Activist Ahmed Doma temporarily halted his hunger strike Saturday until an adequate treatment for his “unbearable stomach ulcers pain” is provided, said activist Nourhan Hefzy, Doma’s wife, on Facebook Monday.
Doma’s “sheer psychological burden” as a result of suspending his strike could only be relieved by the determination of his fellow jailed activists’ to carry on with their “empty stomachs battle,” Nourhan wrote.
More than 85 detainees have gone on a collective hunger strike in Egypt, a figure that appeared in a Tuesday statement by the Egyptian Initiative for Personal Rights Sept. 23, but speculated that the number is even higher.
The fact that Doma was “compelled to halt his strike because he was not given a proper medication or even a painkiller is a stain on the authorities, which exploited his illness to pressure him to halt his strike by denying him a suitable health care and going to a hospital,” Nourhan said.
The striking prisoners are protesting against a prolonged pre-trial detention with no indictment, as well as the 2013 Protest Law under which thousands have been jailed. Some activists outside of prison, such as the recently released Mahienour el-Masry and award-winning Mona Seif, are on a hunger strike in solidarity with the striking detainees.
Convicted Doma facing another trial
Doma is serving a three-year jail sentence on grounds of the violence that occurred outside a Cairo court in November 2013. He is also being tried along with 269 codefendants for participating in demonstrations outside the Cabinet in December 2011, where the Institute d’Égypte was torched and 17 protesters were killed.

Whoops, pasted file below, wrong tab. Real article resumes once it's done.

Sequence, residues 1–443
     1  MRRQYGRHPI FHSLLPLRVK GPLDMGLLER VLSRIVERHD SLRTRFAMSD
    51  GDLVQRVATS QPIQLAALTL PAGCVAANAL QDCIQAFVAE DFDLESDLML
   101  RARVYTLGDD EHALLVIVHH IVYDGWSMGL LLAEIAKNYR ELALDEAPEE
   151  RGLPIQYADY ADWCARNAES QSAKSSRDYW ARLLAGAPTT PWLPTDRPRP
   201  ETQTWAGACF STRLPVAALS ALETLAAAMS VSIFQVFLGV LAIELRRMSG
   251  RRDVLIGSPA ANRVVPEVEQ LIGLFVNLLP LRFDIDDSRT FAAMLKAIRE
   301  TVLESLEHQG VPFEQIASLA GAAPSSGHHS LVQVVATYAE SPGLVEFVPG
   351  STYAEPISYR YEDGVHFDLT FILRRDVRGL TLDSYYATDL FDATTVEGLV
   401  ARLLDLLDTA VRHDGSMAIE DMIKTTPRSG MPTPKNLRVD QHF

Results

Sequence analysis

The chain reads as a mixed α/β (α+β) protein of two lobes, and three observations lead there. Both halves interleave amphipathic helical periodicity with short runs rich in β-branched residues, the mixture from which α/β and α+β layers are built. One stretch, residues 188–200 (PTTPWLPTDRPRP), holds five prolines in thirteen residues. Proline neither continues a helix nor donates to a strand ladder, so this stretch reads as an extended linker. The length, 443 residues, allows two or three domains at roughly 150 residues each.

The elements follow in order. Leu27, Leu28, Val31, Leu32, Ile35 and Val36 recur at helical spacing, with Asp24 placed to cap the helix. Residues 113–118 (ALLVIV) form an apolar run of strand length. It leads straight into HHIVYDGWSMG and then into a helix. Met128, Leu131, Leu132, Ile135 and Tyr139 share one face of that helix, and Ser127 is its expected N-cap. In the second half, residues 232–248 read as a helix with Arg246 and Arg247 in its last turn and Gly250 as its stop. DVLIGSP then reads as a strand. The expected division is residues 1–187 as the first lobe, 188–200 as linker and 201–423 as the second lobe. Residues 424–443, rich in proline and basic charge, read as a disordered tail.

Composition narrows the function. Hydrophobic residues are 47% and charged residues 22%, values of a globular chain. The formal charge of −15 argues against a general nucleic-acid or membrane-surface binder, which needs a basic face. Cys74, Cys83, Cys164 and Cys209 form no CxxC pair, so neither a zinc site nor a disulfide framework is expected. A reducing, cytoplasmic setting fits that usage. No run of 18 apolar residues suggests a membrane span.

“The trial is conducted at the police’s home: the Policemen Institute. In the trial, police and military officers are the defendants’ opponents because they are accused of killing and injuring protesters. The location of the court is not neutral,” Mohamed Farouq, lawyer at the Arabic Network for Human Rights Information, told The Cairo Post Tuesday.
Of the 269 defendants, nine have not been arrested, 16 are jailed and the rest are released pending the trial, according to the Egyptian Center for Economic and Social Rights, whose lawyers are part of Doma’s defense team.
“The defendants inside and outside prison are humiliated by the police when they attend their hearings. You are searched several times before you enter the court, and many of the accused protesters were abused in the process, but the judge refused to document these violations,” Farouq said.
Doma’s lawyers filed two official requests to change the panel of judges deliberating Doma’s case, presided by Judge Mohamed Naguie Shehata. The lawyers say the panel of judges has committed “grave breaches” during the trial, and “used cruelty” with the defendant. One of their requests was rejected Monday.
Shehata is also the judge who sentenced three Al-Jazeera journalists to seven years in prison for fabricating news in favor of the “terrorist organization” of the Muslim Brotherhood.